What’s So Sacred About Easter?


What’s So Sacred About Easter?

Plain truths about what many Christians consider the holiest day of the year

Every year, millions of Christians observe Easter to memorialize the resurrection of Jesus Christ. The Easter service—considered the most sacred observance of the year—focuses the Christian community on the miracle of His resurrection much like Christmas focuses it on His birth.

But on a day that is considered so sacred, people worship with bunny rabbits, hot cross buns and colored eggs. What do these things have to do with worshiping Jesus Christ or commemorating His resurrection?

Moreover, why didn’t anyone observe Easter in the Bible? Why didn’t Jesus Christ leave instructions regarding its observance? If you keep Easter, do you understand why you do?

By studying the origins of Easter and the scriptures related to it, we can find God’s instruction on Easter observance.

The Origins of Easter

Notice this frank admission from the Catholic Encyclopedia’s article on Easter: “[Easter] is also the oldest feast of the Christian Church, as old as Christianity, the connecting link between the Old and New Testaments. That the apostolic fathers do not mention it and that we first hear of it principally through the Controversy of the Quartodecimans are purely accidental” (emphasis ours throughout).

That’s right: The word Easter is never even mentioned in the Bible. Although “Easter” is found once in the King James translation, scholars today agree that the Greek word translated “Easter” (pascha) in Acts 12:4 should be translated “Passover.” In his commentary, Adam Clarke says about this word, “Perhaps there never was a more unhappy, not to say absurd, translation than that in our text.”

In order to really understand why Christians observe an Easter sunrise service, we need to know where it came from. “The English term [Easter] … relates to Estre, a Teutonic goddess of the rising light of day and spring …” (“Easter,” Catholic Encyclopedia). The Babylonian name for this goddess was Ishtar. The Phoenician name was Astarte, the wife of the sun god, Baal, the worship of whom is continually denounced in the Bible as the most abominable of all pagan idolatry (1 Kings 22:53; Jeremiah 32:35).

This goddess is actually ancient Semiramis, the mother and wife of Nimrod, the mighty warrior who rebelled against God (Genesis 10:8-9; before should be translated against—Strong’s Concordance). They were the founders and inspiration behind the pagan religion of ancient Babylon. Since she claimed to be the wife of the “sun god,” Semiramis became widely known as the “queen of heaven.”

This brings us to the first scripture relating to Easter observance: “Do you not see what they are doing in the cities of Judah and in the streets of Jerusalem? The children gather wood, the fathers kindle fire, and the women knead dough, to make cakes for the queen of heaven; and they pour out drink offerings to other gods, to provoke me to anger. Is it I whom they provoke? says the Lord. Is it not themselves, to their own confusion?” (Jeremiah 7:17-19; Revised Standard Version). This observance is about worshiping the queen of heaven!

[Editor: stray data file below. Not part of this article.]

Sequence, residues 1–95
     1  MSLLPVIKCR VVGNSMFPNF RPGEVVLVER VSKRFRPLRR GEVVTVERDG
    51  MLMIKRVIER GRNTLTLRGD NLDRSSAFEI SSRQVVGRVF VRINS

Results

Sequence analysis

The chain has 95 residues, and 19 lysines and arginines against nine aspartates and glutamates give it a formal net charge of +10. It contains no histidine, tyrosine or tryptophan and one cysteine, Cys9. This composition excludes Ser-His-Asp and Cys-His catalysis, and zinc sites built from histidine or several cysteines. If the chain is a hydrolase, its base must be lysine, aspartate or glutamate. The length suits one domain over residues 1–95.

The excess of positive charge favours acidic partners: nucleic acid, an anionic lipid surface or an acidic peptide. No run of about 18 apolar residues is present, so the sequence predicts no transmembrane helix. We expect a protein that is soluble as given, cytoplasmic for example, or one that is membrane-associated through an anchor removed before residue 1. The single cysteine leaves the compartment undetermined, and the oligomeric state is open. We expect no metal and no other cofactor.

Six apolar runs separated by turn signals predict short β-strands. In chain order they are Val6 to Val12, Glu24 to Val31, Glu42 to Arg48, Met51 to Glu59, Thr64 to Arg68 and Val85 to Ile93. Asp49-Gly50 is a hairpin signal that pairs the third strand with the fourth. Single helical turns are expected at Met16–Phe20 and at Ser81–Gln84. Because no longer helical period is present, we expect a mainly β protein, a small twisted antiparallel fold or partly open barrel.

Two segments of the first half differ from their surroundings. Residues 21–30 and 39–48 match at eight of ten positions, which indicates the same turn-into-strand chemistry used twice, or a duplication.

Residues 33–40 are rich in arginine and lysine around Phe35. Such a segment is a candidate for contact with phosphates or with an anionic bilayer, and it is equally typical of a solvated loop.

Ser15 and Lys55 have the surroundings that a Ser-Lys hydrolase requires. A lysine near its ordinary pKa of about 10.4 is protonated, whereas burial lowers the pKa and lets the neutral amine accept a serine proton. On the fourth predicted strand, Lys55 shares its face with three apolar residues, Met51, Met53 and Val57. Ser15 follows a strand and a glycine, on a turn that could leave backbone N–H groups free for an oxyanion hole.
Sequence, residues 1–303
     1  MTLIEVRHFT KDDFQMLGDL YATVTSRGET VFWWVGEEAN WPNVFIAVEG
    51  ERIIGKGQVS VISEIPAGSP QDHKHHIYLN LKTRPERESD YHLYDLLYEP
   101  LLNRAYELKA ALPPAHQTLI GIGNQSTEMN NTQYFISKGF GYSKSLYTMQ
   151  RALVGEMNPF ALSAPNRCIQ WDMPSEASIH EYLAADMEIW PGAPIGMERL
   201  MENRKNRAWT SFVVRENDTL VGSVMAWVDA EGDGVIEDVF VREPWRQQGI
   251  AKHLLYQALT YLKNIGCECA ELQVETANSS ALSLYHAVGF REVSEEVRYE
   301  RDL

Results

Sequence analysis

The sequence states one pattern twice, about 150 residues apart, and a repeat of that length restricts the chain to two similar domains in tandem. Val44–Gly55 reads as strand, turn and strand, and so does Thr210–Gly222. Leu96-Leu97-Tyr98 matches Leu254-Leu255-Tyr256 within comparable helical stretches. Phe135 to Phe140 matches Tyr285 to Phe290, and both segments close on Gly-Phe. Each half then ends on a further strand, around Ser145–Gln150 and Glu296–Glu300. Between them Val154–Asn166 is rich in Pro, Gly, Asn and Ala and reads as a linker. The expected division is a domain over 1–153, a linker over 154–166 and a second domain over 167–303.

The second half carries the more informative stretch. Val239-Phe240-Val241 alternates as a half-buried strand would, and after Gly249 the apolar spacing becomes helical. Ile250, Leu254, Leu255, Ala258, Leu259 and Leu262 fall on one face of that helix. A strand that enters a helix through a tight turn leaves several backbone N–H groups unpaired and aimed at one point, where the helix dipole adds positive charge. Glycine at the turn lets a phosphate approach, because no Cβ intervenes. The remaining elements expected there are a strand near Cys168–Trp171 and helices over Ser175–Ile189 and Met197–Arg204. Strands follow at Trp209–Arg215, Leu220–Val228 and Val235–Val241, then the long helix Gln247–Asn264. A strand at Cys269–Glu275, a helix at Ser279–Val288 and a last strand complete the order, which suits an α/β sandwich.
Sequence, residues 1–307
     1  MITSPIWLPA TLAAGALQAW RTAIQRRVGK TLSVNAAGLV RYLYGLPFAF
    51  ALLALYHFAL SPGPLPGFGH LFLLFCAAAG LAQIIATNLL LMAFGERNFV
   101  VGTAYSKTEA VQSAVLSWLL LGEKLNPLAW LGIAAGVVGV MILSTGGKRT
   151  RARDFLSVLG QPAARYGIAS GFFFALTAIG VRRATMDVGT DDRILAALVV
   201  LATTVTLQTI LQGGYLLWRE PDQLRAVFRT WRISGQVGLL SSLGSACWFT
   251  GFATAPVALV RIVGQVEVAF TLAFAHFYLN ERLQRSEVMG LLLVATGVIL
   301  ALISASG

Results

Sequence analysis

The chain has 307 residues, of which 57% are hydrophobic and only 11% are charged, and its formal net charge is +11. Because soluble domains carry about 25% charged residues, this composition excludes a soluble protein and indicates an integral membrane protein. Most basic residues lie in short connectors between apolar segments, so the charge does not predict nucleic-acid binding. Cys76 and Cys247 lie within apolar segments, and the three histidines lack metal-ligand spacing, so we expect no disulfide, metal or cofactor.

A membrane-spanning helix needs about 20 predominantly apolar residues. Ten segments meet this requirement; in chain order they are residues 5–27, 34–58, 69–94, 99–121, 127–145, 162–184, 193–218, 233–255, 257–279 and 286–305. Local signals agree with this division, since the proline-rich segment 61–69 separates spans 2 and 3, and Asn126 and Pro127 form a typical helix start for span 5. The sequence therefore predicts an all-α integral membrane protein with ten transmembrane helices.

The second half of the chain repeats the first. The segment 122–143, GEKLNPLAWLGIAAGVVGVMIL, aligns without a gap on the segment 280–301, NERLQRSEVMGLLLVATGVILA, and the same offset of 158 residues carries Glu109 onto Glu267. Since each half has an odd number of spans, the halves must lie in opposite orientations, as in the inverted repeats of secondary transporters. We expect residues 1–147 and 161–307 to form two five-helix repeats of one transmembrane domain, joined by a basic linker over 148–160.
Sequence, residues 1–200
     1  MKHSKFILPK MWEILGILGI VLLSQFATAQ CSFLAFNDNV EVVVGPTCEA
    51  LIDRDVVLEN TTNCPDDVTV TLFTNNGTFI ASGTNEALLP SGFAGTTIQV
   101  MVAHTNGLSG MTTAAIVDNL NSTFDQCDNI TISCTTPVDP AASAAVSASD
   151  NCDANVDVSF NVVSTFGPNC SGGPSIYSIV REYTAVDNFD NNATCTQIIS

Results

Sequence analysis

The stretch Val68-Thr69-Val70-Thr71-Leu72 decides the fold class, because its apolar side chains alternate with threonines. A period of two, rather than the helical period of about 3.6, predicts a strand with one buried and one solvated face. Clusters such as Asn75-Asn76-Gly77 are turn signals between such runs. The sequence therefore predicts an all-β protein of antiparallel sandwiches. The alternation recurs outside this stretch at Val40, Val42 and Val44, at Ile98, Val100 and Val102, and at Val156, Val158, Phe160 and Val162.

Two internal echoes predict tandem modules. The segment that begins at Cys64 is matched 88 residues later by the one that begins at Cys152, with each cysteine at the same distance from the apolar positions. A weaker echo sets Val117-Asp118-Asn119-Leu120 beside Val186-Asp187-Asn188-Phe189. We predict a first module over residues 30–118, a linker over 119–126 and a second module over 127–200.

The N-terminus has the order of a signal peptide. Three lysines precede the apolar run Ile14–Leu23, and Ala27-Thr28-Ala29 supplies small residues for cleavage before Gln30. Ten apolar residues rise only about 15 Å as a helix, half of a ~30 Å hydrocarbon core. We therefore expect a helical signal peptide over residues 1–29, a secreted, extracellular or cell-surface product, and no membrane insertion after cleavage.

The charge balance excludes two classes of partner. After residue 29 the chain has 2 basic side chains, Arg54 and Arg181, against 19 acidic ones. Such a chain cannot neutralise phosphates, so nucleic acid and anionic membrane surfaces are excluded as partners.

The other relevant scripture is found in Ezekiel: “And he brought me into the inner court of the house of the Lord; and behold, at the door of the temple of the Lord, between the porch and the altar, were about twenty-five men, with their backs to the temple of the Lord, and their faces toward the east, worshiping the sun toward the east. Then he said to me, ‘Have you seen this, O son of man? Is it too slight a thing for the house of Judah to commit the abominations which they commit here, that they should fill the land with violence, and provoke me further to anger? …’” (Ezekiel 8:16-17; rsv).

Though this scripture refers to a time centuries before Christ, a little research shows that this is the identical thing that millions of Christians do every Easter Sunday today—stand with their faces toward the east, as the sun is rising, in a service of worship. This practice traces its origin back to the worship of the Babylonian sun god and his mythical wife, the true goddess of Easter. As Ezekiel writes, the observance of this service provokes God to anger!

It has nothing to do with Christ; rather, it is about worshiping the gods of Babylon. How, then, did Easter become part of traditional Christianity?

Why Christians Keep Easter

We showed earlier how the Catholic Encyclopedia states that Easter is first mentioned in connection with the “controversy of the Quartodecimans,” so let’s see exactly what that is. “Ecclesiastical history preserves the memory of three distinct phases of the dispute regarding the proper time of observing Easter. …

“A letter of St. Irenaeus … shows that the diversity of practice regarding Easter had existed at least from the time of Pope Sixtus (c. 120). Further, Irenaeus states that St. Polycarp, who, like the other Asiatics, kept Easter on the 14th day of the moon [Passover], whatever day of the week that might be, following therein the tradition which he claimed to have derived from St. John the apostle, came to Rome c. 150 about this very question, but could not be persuaded by Pope Anicetus to relinquish his Quartodeciman observance [on the 14th day of the month]. …